A group of D.C. officials met earlier this year to figure out how to solve their problem with Rigsby. Her situation has led to the first known attempt in the city to seek guardianship for a serial 911 caller.
The Department of Behavioral Health filed a court petition in April, alleging that Rigsby, 58, has bipolar and borderline personality disorders and does not have the mental capacity to handle her medical affairs.
These are “uncharted waters,” Miramontes said.
It might be a unique attempt in the District of Columbia, but other cities have reported success with similar proceedings.
Niels Tangherlini, a paramedic captain for the San Francisco Fire Department, led a successful pilot program from 2004 through 2009 to stop 911 serial callers. During the height of the program, Tangherlini said, officials successfully filed conservator petitions, which are legally similar to guardianships, for about 12 serial 911 users a year.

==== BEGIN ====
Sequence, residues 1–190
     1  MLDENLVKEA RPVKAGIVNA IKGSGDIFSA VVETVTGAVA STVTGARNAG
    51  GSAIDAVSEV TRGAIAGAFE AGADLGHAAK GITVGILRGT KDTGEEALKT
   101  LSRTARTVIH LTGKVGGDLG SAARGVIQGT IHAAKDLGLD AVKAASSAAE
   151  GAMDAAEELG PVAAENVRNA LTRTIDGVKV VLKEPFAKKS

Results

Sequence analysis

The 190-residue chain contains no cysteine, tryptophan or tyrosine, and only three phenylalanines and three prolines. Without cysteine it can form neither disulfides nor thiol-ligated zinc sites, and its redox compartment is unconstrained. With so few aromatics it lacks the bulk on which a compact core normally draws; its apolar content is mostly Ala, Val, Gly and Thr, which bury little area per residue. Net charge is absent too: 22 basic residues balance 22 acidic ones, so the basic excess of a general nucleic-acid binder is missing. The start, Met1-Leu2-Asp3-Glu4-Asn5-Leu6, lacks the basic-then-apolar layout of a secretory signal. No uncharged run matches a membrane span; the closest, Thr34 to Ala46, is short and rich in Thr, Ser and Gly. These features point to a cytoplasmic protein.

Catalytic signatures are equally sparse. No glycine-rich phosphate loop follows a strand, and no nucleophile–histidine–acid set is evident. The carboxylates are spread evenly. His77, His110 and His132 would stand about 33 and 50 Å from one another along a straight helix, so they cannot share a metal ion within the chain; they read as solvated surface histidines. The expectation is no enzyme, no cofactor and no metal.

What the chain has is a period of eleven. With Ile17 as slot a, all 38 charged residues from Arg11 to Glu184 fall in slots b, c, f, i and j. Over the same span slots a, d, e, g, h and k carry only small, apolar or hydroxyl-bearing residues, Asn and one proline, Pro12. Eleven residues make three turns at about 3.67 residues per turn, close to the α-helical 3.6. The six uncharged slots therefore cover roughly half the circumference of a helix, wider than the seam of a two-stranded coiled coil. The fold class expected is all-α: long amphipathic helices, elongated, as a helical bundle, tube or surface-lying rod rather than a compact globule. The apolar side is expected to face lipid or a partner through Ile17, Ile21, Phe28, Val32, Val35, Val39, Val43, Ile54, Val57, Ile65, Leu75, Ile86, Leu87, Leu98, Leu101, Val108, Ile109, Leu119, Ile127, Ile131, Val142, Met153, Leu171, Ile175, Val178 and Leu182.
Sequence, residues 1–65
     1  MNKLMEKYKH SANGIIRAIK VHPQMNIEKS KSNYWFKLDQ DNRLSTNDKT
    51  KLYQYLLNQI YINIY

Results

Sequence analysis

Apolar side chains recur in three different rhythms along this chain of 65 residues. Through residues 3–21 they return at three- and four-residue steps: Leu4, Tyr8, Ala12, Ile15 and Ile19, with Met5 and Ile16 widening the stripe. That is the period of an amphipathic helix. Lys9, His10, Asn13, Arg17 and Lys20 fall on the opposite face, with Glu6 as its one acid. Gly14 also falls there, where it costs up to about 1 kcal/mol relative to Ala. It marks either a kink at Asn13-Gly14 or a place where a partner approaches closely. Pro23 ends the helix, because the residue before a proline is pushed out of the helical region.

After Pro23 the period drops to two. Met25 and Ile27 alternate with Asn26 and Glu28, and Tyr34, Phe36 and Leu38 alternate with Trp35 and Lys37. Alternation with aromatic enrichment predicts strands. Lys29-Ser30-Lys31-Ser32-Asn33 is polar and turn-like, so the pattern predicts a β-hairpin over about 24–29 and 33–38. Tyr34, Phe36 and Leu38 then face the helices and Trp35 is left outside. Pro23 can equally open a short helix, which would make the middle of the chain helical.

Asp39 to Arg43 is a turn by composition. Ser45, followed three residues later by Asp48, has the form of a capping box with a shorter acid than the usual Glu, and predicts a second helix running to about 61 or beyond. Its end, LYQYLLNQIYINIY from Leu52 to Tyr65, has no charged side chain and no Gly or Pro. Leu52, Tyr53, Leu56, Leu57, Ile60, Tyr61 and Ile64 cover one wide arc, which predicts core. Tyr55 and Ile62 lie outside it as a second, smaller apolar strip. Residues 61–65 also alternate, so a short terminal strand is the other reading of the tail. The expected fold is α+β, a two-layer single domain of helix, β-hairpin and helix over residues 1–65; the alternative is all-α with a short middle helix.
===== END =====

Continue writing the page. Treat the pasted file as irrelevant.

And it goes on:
Public documents and legal proceedings detail Rigsby’s 911 habits and assessments of her mental state and medical problems. They also reveal continued concerns from D.C. officials about the impact of one woman’s troubles on public-health and safety resources.
Although Rigsby has had various medical insurance plans throughout the years, she has an outstanding balance of $61,366.33 owed to the D.C. Fire and EMS for ambulance transports, according to Andrew Beaton, the department’s management program analyst.
Over the past five years, each ambulance trip has averaged $478.